MPs form media literacy group to safeguard children from fake news

The All-Party Parliamentary Group on Media Literacy has been created to empower and inform online safety training in UK schools

MPs across the UK have formed a group to reform online safety training in schools and safeguard children from fake news.

Assembled by media literacy charity The Student View, the All-Party Parliamentary Group on Media Literacy, officially formed yesterday (24 November), will commission an independent inquiry into the teaching of media literacy skills in schools across the nation, with the gathering of evidence commencing in January 2021.

According to newly-published research by Teacher Tapp, only half of teachers have heard of the government’s guidance to keep children safe from fake news.

In a survey of more than 6,500 UK teaching staff, Teacher Tapp uncovered that:

  • 47% of teachers have never heard of the government guidance on online safety
  • 14% of schools have implemented recommendations from the government’s guidance across the curriculum
  • 5% of headteachers regularly assess the effectiveness of this guidance

In an era defined as the ‘age of misinformation’, the proliferation of fake news has been deemed one of the most pressing issues of our time, with figures from June this year showing that two-thirds of Europeans encounter fake news at least once a week, and 83% of European citizens agreeing that fake news is a threat to democracy.

On top of this, recent research conducted by online safety group Internet Matters revealed that three-quarters (75%) of UK parents are concerned for their children’s exposure to fake news, but despite this, few are initiating conversations regarding how to spot the issue – a worrying trend considering the potential of false information to influence our thoughts, political opinions, and views of the world at large.

In light of this, the group brings together MPs and Peers from Labour, Conservative and the Scottish National Party, who will work together to take evidence from witnesses and work alongside industry leaders, regulators and businesses to produce a shared skills framework and secure the UK’s position as a global leader in media literacy education.

“I strongly believe that we need to promote digital and media literacy as a fourth pillar of education…” – Damian Collins MP

The group will be tasked with supporting, challenging and monitoring the impact of the government’s media literacy strategy to ensure school teachers and children are equipped with the critical thinking skills needed to navigate the age of misinformation.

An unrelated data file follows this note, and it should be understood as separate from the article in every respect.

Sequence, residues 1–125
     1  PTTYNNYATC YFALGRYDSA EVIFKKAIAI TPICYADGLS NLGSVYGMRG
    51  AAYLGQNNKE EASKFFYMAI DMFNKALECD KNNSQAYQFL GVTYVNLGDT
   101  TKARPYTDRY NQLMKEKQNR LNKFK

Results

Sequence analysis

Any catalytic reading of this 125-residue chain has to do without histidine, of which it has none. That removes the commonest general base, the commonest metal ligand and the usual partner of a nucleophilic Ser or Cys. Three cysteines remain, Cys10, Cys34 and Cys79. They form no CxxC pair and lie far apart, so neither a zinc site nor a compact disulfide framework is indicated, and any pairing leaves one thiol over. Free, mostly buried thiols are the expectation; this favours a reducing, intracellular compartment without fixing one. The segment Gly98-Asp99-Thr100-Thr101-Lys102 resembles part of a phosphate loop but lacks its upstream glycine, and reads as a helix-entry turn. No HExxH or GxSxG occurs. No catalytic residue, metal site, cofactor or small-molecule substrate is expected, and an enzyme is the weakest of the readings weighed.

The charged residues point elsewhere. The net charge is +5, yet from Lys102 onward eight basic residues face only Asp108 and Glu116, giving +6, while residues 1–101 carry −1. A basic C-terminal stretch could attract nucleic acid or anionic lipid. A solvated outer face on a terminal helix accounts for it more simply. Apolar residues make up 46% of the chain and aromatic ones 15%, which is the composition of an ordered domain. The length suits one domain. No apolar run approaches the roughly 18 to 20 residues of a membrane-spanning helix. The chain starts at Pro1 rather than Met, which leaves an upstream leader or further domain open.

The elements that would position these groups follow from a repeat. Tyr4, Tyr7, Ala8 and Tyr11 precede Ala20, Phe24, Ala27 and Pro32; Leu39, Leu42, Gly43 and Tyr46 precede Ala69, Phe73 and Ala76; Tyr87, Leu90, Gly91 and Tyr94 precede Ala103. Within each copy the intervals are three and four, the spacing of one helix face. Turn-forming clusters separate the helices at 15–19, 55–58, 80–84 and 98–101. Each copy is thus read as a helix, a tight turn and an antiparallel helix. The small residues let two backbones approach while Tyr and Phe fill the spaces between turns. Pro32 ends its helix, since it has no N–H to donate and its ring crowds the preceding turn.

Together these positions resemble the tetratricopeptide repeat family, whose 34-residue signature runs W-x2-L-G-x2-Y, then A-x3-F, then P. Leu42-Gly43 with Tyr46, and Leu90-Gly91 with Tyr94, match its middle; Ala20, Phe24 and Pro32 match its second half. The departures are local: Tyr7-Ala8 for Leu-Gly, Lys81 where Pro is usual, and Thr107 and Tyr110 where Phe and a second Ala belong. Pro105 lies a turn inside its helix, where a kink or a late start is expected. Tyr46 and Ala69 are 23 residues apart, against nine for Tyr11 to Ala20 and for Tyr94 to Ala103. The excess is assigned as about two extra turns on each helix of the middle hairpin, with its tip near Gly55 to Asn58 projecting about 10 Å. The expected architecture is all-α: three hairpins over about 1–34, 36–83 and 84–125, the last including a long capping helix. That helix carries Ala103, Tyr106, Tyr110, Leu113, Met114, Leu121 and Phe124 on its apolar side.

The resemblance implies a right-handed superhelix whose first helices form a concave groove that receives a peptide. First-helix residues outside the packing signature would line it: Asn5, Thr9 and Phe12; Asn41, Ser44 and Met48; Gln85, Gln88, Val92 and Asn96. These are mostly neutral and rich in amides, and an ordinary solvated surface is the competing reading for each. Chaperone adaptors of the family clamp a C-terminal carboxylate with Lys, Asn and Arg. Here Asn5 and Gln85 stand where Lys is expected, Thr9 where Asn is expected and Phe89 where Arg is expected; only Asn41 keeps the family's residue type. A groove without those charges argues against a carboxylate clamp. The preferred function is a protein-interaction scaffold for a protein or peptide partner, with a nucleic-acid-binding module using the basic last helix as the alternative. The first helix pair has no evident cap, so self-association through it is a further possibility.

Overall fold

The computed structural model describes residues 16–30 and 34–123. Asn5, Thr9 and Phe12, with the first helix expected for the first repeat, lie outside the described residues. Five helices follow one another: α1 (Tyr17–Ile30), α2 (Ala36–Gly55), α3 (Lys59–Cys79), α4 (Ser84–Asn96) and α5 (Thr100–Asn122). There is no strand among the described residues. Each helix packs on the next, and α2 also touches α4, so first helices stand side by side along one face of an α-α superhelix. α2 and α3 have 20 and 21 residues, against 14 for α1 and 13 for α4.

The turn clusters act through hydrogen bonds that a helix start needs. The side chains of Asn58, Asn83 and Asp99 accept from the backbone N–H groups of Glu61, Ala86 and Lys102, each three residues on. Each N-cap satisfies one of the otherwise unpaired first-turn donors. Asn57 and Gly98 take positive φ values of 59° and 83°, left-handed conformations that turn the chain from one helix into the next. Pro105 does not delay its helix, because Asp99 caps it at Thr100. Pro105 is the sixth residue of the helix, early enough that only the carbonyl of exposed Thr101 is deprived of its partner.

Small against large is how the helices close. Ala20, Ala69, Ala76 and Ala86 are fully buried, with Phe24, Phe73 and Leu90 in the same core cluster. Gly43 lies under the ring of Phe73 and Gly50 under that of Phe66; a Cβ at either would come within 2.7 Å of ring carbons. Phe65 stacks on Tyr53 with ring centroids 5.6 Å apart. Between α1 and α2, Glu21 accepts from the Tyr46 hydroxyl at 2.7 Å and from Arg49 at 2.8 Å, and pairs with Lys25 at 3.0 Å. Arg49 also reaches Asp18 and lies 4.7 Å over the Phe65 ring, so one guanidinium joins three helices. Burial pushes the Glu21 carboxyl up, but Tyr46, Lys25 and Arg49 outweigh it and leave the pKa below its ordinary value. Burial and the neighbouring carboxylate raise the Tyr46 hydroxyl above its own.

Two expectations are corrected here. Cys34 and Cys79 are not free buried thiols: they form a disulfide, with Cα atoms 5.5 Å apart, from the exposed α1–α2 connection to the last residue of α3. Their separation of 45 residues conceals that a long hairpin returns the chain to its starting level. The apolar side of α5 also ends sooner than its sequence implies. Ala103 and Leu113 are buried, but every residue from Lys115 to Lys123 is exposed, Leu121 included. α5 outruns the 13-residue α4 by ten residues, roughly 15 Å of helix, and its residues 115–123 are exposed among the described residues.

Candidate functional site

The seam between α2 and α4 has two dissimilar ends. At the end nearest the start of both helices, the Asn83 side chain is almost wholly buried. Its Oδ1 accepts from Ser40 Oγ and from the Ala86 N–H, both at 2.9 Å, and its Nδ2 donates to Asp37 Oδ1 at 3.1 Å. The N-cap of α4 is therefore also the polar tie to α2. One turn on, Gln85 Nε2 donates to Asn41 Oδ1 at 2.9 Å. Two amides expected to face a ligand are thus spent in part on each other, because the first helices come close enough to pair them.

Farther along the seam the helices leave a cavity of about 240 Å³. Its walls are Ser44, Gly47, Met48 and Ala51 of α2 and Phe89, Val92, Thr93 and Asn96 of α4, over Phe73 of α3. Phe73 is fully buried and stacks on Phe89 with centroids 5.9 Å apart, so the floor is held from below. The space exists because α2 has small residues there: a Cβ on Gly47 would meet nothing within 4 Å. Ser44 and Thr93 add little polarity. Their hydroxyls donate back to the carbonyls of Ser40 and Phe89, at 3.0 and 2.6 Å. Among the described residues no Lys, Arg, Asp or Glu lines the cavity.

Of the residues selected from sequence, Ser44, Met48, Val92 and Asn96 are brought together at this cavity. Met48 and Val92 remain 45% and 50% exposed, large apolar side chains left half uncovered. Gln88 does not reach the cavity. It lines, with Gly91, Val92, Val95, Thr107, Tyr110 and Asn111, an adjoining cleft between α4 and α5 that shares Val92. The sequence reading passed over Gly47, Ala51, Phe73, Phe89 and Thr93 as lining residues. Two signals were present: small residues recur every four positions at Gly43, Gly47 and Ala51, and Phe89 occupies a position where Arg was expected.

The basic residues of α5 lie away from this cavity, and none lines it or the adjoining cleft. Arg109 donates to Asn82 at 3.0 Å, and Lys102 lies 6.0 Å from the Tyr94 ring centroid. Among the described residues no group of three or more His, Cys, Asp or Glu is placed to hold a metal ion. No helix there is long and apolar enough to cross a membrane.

Among the group’s most impactful plans is the establishment of a universal definition for the term ‘media literacy’, as well as ensuring that high-quality media literacy training is open to both children and their teachers via the proposed Online Harms Bill.

Members include:

  • Chair – Damian Collins MP, Conservative Party
  • Co-chair – The Lord Hastings of Scarisbrick CBE, Crossbench Life Peer
  • Vice-chair – The Right Honourable Damian Hinds MP, Conservative Party
  • Vice-chair – John Nicolson MP, Scottish National Party
  • Vice-chair – Siobhan McDonagh MP, Labour Party
  • Vice-chair – The Right Honourable Lord Knight of Weymouth, Labour Party

The group is led by Damian Collins MP, former chair of the Digital, Culture, media and Sport (DCMS) Committee between October 2016 and January 2020.

“I strongly believe that we need to promote digital and media literacy as a fourth pillar of education, alongside reading, writing, and maths, so that children and young adults can identify sites they can trust or are safe, appraise the content of what they read, and make informed choices about news they share with others,” said Mr Collins.

“With the government moving forward on Online Harms legislation, I think we have a golden opportunity to set out standards for a nationwide media literacy strategy.”

The Student View, a non-profit dedicated to training UK teens in how to spot misinformation and become local news reporters, will serve as the group’s secretariat.

Solomon Elliott, chief executive of the charity, commented: “Disinformation is a problem that affects us all; cross-party action is vital to make the UK the safest place to be online.

“We have seen in our workshops how carving out some time in the school calendar for digital literacy gives the students the critical thinking tools they need to distinguish fact from fiction and a fighting chance to navigate this challenging reality.”

In other news: University of Birmingham lands £4m for high-performance computing lab


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